The decimal expansion of , which is non-terminating, non-recurring.

Hence, it is an irrational number.

Correct option: (b)

Correct option: (c)

The decimal expansion of , which is non-terminating, non-recurring.

Hence, it is an irrational number.

Correct option: (c)

Correct option: (d)

The decimal expansion of a rational number is either terminating or non-terminating recurring.

Hence, 0.853853853... is a rational number.

Correct option: (a)

The product of a non-zero rational number with an irrational number is always an irrational number.

Correct option: (b)

Correct option: (b)

Let x =

i.e. x = 0.3333…. ….(i)

⇒ 10x = 3.3333…. ….(ii)

On subtracting (i) from (ii), we get

9x = 3

Let y =

i.e. y = 0.4444…. ….(i)

⇒ 10y = 4.4444…. ….(ii)

On subtracting (i) from (ii), we get

9y = 4

Correct option: (c)

Let x =

i.e. x = 2.4545…. ….(i)

⇒ 100x = 245.4545……. ….(ii)

On subtracting (i) from (ii), we get

99x = 243

Let y =

i.e. y = 0.3636…. ….(iii)

⇒ 100y = 36.3636…. ….(iv)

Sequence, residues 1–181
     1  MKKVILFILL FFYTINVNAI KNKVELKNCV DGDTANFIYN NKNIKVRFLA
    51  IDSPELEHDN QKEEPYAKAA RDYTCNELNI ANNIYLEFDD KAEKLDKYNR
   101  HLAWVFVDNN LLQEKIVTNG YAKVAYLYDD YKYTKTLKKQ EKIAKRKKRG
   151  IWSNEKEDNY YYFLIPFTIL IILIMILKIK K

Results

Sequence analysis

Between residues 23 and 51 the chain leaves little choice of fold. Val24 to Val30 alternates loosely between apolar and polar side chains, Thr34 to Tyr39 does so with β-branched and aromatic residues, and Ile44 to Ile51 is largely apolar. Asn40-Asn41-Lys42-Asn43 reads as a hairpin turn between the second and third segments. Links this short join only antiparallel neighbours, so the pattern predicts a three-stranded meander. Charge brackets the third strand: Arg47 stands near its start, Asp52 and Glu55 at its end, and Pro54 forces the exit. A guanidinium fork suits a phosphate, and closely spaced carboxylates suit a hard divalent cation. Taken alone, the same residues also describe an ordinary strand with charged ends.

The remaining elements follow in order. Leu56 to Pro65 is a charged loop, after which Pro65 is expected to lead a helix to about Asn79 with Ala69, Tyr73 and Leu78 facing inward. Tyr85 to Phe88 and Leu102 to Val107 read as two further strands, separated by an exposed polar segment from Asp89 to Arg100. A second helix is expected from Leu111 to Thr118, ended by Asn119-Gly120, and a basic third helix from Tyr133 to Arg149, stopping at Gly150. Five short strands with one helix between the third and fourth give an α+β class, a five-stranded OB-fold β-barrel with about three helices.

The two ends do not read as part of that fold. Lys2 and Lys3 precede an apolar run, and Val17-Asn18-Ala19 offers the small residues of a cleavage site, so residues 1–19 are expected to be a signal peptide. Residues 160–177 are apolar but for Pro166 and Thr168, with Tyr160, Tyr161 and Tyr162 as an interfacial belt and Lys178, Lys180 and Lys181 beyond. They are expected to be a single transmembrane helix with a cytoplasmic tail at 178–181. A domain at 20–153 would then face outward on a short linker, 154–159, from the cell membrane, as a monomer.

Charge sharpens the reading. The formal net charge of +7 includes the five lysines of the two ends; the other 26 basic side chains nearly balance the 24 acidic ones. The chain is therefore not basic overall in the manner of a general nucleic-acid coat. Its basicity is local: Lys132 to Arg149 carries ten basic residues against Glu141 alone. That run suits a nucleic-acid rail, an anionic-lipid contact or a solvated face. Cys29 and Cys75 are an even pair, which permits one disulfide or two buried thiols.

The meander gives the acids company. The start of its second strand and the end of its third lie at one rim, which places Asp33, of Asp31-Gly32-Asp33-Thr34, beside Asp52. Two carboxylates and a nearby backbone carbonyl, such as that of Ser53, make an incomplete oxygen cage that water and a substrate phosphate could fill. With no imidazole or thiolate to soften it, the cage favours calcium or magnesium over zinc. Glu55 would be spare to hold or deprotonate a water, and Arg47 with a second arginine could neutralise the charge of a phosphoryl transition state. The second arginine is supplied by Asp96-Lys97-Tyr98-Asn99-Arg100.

On subtracting (iii) from (iv), we get

99y = 36

Correct option: (b)

Correct option: (b)

Which is positive and rational number.

Correct option: (b)

Which is positive and rational number.

Correct option: (c)

Correct option: (a)

Correct option: (b)

Correct option: (b)

Correct option: (b)

Correct option: (c)

Correct option: (b)

Correct option: (d)

Correct option: (a)

Correct option: (b)

Correct option: (a)

Correct option: (c)

9^{3} + (-3)^{3} -
6^{3} = 729 - 27 - 216 = 486

Correct option: (b)

Correct option: (c)

Correct option: (d)

Correct option: (a)

Correct option: (d)

Correct option: (b)

Correct option: (b)

Correct option: (b)

x^{p-q}⋅
x^{q - r}⋅ x^{r - p}

= x^{p - q + q - r + r - p}

= x^{0}

= 1

Correct option: (c)

Correct option: (a)

Correct option: (d)

Correct option: (d)

(3^{3})^{2} = 9^{x}

⇒
(3^{2})^{3} = (3^{2})^{x}

⇒ x = 3

Then 5^{x} = 5^{3}
= 125

Correct option: (b)

Correct option: (d)

Thus, the simplest rationalisation factr of

Correct option: (b)

The simplest rationalisation factor of is

Correct option: (d)